But in this latest offering, as the title suggests, it really is all about the audience. As the piece begins, a young woman explains “in case you haven’t been before”, the rules – or, rather, guidelines – for theatregoing, all of which are tested, strained and gleefully ripped to shreds as the evening progresses.
A video camera pans across the stalls, reflecting us back at ourselves via a large onstage screen. The camera homes in on individual faces as actors “read” our private thoughts. Bags and coats are rifled through in a stat-heavy fashion show. Instructions for finger applause are given and obeyed. A replay shows us what we look like when we think we’re not being watched. It’s embarrassingly compelling narcissism.
But when a suave host starts to pick on a young woman in the front row, insulting and then sexually taunting her, the mood darkens. Members of the audience protest, more and more vehemently. A man clambers out of the second row to bash the camera away from the victim.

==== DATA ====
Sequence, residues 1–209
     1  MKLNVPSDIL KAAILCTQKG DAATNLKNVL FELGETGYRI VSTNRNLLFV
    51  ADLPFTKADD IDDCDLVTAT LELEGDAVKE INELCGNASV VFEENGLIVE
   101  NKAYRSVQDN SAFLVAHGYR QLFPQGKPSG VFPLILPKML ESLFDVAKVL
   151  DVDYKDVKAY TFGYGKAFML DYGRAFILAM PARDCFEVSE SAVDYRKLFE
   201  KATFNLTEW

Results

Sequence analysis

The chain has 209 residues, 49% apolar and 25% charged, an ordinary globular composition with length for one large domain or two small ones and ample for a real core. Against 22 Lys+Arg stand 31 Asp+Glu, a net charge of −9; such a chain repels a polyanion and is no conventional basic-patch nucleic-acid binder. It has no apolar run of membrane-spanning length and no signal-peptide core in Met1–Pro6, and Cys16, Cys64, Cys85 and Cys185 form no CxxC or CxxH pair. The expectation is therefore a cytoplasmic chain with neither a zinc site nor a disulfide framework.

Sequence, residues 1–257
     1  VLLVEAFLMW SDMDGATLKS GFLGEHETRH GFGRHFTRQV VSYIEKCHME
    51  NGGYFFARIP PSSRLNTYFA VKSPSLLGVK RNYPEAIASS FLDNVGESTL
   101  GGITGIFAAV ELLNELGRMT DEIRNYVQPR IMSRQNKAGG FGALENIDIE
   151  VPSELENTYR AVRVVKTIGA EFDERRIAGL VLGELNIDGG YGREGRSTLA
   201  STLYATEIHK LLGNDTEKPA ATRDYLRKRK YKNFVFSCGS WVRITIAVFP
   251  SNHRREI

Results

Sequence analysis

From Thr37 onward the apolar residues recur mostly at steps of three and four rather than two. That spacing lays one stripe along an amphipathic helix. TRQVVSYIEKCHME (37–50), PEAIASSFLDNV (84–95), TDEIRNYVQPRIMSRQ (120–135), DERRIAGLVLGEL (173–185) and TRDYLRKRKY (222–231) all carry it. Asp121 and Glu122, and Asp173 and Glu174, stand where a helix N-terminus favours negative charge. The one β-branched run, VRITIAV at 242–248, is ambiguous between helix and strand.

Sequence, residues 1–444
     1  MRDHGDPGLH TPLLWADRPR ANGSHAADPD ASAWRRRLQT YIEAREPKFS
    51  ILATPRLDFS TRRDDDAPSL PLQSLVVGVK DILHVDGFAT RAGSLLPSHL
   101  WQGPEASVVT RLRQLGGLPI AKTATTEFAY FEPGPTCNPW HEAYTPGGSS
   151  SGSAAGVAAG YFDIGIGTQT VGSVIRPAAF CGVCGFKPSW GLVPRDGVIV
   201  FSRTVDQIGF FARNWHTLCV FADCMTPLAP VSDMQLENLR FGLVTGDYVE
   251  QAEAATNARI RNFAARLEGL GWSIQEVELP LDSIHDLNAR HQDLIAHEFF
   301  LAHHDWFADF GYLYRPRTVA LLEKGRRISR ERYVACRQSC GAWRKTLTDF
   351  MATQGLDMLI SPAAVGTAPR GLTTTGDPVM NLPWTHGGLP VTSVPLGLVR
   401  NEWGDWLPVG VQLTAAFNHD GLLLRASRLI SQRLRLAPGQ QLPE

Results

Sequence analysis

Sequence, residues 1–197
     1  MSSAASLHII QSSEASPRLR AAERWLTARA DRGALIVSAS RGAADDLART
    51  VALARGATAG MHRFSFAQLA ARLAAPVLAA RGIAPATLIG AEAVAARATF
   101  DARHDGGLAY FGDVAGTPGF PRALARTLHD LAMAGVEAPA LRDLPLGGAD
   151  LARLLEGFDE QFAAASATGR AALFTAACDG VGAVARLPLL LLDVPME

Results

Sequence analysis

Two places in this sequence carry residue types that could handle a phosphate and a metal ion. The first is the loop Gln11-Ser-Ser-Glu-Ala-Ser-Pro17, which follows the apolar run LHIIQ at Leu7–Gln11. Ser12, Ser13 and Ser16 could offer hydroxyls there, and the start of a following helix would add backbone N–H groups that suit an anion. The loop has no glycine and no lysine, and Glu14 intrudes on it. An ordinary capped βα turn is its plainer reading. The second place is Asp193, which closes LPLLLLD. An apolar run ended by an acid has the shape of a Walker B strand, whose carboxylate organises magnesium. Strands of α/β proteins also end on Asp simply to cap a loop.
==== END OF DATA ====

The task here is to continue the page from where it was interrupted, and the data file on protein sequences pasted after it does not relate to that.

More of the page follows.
Members of the company, installed in amongst the audience, at once attempt to calm and stoke opposing reactions, a debate ensues, a rally entices some theatregoers up onto their feet again, fists pumping. Whatever choices you make, you will be left feeling manipulated and unsettled by the experience – and, I’m sure, deeply divided about whether this is a good or a bad thing.
Either way, in a week when riots are erupting in London and other UK cities, Ontroerend’s Edinburgh experiment in the power of group-think takes on added significance. It could not be more timely.
(London theatregoers will be able to decide for themselves when Audience transfers to Soho Theatre this December.)